Leading Meeting Professionals

Professional Convention Management Association

February 2014

What's Next For Apps?

By Barbara Palmer, Senior Editor

QuickMobile CEO Patrick Payne on what's ahead for mobile event apps — from deeper engagement to immediate feedback to year-round communities.

There's good reason to pay attention when Patrick Payne, co-founder and CEO of Vancouver-based QuickMobile, talks about what's next for mobile apps. For starters, QuickMobile was the fastest-growing technology company in Canada last year, according to Deloitte Canada, which named it to its 2013 “Technology Fast 50” list.

Just as compelling, however, is the company's record of being out in front of the pack. Founded in 2006, QuickMobile launched its first event app for smart-phones in 2008, just months after the iPhone was released. QuickMobile began developing an event app for the iPad for Accenture, the global management and technology consulting company, even before the iPad was introduced in 2010.

Although a survey conducted last March by Frost & Sullivan showed that a minority of corporations and organizations use apps at events — less than 30 percent — they “soon will become commonplace,” Payne writes in “7 Predictions for the Mobile Event App Industry in 2014,” a white paper that QuickMobile released in January. The rise of mobile event apps will be fueled by new features, Payne said in a recent interview with Convene, as well as by the public's growing use of and sophistication about them, including retail apps.

“We expect more now,” he said. Meeting planners want to collect real-time information through tools like surveys and polls, and attendees want to find and collaborate with like-minded people at events. “There's a newbreed of event apps.”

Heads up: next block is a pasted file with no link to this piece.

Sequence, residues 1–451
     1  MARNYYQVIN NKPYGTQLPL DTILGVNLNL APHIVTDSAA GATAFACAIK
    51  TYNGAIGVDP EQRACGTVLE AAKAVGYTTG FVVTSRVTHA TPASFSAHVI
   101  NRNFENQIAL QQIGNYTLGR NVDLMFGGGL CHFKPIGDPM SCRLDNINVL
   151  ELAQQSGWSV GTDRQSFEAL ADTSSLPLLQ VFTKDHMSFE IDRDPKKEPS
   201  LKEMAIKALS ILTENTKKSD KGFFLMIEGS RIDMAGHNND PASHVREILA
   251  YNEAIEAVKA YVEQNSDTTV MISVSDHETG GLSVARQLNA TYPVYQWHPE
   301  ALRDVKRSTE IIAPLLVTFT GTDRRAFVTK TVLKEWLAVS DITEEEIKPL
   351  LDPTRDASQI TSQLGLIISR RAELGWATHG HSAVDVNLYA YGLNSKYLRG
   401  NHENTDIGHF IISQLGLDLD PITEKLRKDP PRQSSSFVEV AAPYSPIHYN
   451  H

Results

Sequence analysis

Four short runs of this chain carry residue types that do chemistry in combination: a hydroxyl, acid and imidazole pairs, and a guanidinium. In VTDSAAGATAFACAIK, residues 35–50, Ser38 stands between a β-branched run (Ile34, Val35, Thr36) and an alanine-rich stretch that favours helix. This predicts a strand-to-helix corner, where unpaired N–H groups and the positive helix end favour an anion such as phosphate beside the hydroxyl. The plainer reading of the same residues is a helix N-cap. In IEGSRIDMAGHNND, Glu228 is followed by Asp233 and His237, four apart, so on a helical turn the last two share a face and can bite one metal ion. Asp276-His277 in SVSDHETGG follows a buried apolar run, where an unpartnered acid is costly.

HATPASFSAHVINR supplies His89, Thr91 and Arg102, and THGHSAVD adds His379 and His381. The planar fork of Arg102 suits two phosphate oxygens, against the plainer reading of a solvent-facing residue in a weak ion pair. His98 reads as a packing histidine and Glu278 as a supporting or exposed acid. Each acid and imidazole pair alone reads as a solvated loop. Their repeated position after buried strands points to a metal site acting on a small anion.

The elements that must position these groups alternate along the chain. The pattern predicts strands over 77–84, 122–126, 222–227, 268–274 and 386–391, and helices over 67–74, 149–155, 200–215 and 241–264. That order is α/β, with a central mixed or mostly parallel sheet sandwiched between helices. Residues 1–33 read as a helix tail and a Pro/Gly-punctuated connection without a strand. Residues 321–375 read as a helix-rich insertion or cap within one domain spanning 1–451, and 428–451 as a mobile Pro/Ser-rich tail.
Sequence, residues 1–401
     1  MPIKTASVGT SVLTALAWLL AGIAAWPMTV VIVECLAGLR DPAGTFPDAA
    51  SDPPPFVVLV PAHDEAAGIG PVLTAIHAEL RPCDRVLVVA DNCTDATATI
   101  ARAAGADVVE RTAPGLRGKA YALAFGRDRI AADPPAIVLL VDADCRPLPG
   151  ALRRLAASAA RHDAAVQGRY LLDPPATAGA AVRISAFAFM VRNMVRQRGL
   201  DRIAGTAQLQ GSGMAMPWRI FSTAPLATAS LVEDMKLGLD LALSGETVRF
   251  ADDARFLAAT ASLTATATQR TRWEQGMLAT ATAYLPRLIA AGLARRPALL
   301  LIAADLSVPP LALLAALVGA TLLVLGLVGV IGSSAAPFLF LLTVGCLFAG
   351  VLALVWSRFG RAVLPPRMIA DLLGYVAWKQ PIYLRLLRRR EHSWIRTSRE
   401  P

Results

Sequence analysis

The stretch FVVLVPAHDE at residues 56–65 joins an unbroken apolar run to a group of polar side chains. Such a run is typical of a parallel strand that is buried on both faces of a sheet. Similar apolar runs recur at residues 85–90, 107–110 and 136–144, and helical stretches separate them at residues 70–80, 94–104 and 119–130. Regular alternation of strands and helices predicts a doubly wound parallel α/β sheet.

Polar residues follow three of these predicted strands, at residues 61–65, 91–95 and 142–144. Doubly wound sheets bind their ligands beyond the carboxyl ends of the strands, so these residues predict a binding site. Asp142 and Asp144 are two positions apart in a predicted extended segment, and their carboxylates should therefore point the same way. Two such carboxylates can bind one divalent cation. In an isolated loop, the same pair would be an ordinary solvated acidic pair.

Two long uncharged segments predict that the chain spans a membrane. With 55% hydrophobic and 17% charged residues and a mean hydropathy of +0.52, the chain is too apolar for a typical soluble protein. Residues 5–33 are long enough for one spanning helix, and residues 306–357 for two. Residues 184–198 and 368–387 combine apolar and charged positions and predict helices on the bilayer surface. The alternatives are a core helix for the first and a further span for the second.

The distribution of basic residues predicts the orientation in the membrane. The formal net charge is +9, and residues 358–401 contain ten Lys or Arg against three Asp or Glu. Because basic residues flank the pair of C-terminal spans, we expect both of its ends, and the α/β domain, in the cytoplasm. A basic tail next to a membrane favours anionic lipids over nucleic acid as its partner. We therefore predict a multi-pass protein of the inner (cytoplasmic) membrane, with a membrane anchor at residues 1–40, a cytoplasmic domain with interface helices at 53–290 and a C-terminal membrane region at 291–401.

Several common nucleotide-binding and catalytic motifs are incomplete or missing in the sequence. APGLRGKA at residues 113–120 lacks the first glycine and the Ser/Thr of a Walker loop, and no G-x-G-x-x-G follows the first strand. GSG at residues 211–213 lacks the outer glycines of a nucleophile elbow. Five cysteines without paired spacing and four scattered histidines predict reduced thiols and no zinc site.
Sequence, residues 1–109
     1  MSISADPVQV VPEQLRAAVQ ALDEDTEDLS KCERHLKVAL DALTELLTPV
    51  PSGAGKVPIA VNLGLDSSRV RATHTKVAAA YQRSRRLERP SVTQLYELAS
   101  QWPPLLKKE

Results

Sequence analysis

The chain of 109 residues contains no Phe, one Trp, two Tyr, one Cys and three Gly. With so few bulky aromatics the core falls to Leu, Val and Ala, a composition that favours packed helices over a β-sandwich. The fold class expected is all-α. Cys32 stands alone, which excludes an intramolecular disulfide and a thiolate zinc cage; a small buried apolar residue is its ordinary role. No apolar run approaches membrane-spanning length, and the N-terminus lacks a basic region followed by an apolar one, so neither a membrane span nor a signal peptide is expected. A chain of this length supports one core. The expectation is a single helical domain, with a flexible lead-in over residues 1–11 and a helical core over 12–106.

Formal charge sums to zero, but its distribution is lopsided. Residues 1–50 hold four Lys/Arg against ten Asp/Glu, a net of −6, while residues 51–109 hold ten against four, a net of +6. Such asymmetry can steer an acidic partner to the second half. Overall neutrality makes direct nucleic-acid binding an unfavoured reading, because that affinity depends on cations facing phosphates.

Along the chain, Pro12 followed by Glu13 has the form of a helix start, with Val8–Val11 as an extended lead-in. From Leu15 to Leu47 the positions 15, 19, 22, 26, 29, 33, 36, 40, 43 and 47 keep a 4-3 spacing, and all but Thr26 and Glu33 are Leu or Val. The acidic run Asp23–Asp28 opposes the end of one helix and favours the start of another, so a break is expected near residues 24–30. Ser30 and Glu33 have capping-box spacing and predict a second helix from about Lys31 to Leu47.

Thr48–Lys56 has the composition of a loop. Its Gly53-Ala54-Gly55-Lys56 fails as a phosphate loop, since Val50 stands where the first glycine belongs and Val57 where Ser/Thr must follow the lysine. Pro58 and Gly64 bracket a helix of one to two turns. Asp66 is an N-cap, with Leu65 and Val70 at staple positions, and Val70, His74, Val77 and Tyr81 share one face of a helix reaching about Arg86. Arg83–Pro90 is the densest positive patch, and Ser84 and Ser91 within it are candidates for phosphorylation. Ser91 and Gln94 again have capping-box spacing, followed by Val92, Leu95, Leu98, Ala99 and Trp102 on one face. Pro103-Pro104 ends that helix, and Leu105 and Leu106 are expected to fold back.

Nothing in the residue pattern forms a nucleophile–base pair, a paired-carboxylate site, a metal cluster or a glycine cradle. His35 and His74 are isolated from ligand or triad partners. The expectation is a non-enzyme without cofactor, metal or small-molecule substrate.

Payne's predictions about what's ahead include:

Mobile event apps will transform engagement.
Until now, meeting organizers have tended to focus on an app's ability to replace paper programs. But things really get exciting, Payne said, when apps allow attendees to engage with one another through interactive games and surveys, or by sharing photos and videos.

Event owners will leverage analytics to deepen business intelligence and validate ROI.
This might be the holy grail,” Payne said. “What organizers really want are answers to these questions: ‘What are attendees interested in?’ ‘What are they trying to accomplish?’ ‘How can I facilitate it?’ And ‘What does my audience really want to do?’”

There are many ways to measure those things, including by looking at keywords and through attendees’ answers and participation in polls and surveys, Payne said. What is different from traditional post-event surveys is that mobile apps give organizers feedback in real time, when they have the opportunity to respond immediately.

Genuine ‘connected communities’ will emerge.
Payne called this his boldest prediction: The most forward-looking organizations will create apps that will evolve from being created for a single event to platforms that audiences will use for year-round education and collaboration. “There is a lot of brainpower there, and a big knowledge base. If you can leverage that power,” he said, “it really has huge potential.”

 

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